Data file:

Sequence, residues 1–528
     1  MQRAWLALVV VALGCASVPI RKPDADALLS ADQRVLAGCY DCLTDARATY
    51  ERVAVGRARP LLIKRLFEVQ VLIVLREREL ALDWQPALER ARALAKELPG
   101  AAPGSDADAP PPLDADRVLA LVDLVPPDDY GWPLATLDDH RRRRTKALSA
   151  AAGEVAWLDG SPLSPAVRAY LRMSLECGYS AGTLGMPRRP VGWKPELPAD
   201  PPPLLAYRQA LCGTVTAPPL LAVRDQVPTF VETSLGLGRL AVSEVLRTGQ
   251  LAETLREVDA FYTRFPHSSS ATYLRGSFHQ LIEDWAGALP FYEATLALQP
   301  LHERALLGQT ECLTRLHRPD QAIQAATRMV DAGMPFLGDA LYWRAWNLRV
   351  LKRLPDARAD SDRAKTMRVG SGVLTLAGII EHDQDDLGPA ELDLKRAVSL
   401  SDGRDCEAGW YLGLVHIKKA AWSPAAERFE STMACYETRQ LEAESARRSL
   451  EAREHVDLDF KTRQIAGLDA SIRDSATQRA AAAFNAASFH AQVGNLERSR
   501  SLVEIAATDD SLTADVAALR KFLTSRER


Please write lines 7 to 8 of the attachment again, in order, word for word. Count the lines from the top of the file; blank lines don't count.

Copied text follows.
   251  LAETLREVDA FYTRFPHSSS ATYLRGSFHQ LIEDWAGALP FYEATLALQP
   301  LHERALLGQT ECLTRLHRPD QAIQAATRMV DAGMPFLGDA LYWRAWNLRV